With the Internet of Things (IoT) growing at a pace, vehicles morphing into ‘four wheeled computers’ and even modest predictions forecasting in excess of 300 million cars on the IoT grid by 2030, the scene is set for a multitude of app-enabled conveniences; conveniences that any fuel retailer with an eye on competitive advantage would be wise to take a long, hard look at.

In return for that attention, personalised demographic and geographic information will help retailers to shape and personalise retail customer offerings. Site operations will be streamlined and optimised with more accurate planning, maintenance and scheduling processes. A ‘connected forecourt’ might even see drivers marshalled automatically to avoid queues and speed up the visit.

Adds Michael de Selincourt, Principal Consultant at REPL Group, “The industry is seeing increasingly blurred distinctions between ecommerce and bricks-and-mortar retail. Fuel was neither the first nor the easiest context for this change, but it’s coming.”

The industry is also carefully watching progress towards the ubiquitous Connected Car. Ten years ago the Apple App Store opened what is today a huge and vital competitive environment, and any Business-to-Consumer company will need to keep a close eye on what could become the next key platform upon which to stake a claim.

Incremental Success

Technical innovation of this kind is facilitated by the increasingly agile way that the REPL team are delivering projects. “We’re putting in Minimum Viable Products (MVPs) then iterating for improvement,” says Thomas.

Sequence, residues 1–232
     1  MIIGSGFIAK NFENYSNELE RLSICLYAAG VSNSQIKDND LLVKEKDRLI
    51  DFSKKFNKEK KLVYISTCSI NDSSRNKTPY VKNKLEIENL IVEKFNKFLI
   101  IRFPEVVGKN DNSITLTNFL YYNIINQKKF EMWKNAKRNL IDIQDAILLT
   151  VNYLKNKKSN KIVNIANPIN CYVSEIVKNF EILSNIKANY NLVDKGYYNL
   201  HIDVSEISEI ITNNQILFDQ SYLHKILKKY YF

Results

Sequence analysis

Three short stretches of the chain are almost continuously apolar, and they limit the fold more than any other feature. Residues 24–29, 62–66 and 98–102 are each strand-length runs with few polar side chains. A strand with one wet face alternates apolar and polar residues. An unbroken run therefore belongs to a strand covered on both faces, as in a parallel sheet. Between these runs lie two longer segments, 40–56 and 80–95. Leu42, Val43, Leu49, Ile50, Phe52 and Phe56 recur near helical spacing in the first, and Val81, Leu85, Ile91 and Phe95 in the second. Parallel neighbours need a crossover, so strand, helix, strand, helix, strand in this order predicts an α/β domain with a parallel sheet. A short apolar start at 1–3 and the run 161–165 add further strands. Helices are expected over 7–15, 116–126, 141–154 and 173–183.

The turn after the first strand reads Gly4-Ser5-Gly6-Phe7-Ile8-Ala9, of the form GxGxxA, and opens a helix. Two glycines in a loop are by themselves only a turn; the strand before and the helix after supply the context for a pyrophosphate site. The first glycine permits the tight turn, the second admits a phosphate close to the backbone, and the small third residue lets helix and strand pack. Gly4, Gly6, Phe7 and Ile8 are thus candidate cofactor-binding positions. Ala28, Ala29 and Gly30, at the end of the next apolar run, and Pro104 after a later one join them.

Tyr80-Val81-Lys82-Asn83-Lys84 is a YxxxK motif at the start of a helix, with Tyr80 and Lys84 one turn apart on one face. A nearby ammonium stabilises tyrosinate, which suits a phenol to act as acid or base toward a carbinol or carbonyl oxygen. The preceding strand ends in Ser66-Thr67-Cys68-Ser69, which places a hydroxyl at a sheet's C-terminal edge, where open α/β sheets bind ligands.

“We’re improving ways of delivering projects to discover problems early, so we set up the team with Devops and Agile principles in mind. Traditionally this has been very rarely done with POS projects because they involve a lot of old legacy technology, but we’ve started to apply new tools and techniques to overcome this.”

 New Automation Test Tools

 New tech in the form of super-fast automation testing developed alongside software and that becomes part of the delivery model. New tech that sees a two week regression test turn into a two day regression test.

“We’ve been using newer automation test tools to test the old software using image recognition. It looks for images and status changes and interacts with the POS like a human tester, but checks the output a lot faster, and of course on a larger scale”, says Thomas.

API Management Layers Enabling New Experiences

Something point of sale has in common with many other sectors is the increasing popularity of using API platforms such as Mulesoft to allow new, more interactive systems to extract information and value from older systems.

“Businesses are using this technology to build microservices and components that can be connected and orchestrated into new services. It allows them to innovate quickly, and to avoid being overly coupled to specific vendors,” says Michael.

Adds Thomas, “In the old POS world you’d have one POS application from a software vendor that did everything for you. It acted as a master data engine, promotion engine, card system, data warehouse, whatever you needed.

 In the new world, those services are available as standalone applications. You’ll establish a central platform and pick and choose the services you require. It will be similar to the way websites have a central platform to which you can add plugins from a range of providers.

And who better to continue the evolution of POS than REPL? Collaborative, agile, and proven, the retail technology specialists.